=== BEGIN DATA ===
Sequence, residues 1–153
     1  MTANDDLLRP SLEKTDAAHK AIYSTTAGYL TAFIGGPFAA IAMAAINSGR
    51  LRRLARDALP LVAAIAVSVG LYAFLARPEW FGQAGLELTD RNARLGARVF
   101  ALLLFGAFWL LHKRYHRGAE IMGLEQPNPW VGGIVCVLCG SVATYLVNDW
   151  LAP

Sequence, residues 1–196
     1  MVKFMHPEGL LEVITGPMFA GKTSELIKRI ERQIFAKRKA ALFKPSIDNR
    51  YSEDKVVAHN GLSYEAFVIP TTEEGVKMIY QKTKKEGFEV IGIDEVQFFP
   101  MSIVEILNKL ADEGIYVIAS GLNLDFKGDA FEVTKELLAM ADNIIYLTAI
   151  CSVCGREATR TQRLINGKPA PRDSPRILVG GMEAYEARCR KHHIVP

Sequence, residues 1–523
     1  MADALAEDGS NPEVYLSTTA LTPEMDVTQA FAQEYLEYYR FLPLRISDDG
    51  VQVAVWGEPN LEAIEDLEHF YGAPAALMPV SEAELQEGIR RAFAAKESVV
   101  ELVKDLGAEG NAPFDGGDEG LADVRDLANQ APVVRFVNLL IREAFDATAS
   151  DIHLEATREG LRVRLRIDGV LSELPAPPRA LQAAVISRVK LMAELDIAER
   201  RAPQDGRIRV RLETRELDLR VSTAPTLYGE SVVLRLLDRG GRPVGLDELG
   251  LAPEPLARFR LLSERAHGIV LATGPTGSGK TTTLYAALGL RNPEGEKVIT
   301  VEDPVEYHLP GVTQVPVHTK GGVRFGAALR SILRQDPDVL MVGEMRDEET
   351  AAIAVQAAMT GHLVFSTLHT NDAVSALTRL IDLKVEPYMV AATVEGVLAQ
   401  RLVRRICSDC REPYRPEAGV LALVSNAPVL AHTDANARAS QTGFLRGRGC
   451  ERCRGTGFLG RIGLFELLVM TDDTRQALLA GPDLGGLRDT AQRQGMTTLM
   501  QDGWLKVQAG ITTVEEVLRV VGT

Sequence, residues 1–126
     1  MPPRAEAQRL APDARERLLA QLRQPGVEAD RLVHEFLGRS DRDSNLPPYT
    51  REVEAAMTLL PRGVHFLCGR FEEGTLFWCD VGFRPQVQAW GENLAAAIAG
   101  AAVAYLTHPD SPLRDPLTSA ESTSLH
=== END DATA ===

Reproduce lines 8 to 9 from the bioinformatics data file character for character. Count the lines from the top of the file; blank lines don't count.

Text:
    51  YSEDKVVAHN GLSYEAFVIP TTEEGVKMIY QKTKKEGFEV IGIDEVQFFP
   101  MSIVEILNKL ADEGIYVIAS GLNLDFKGDA FEVTKELLAM ADNIIYLTAI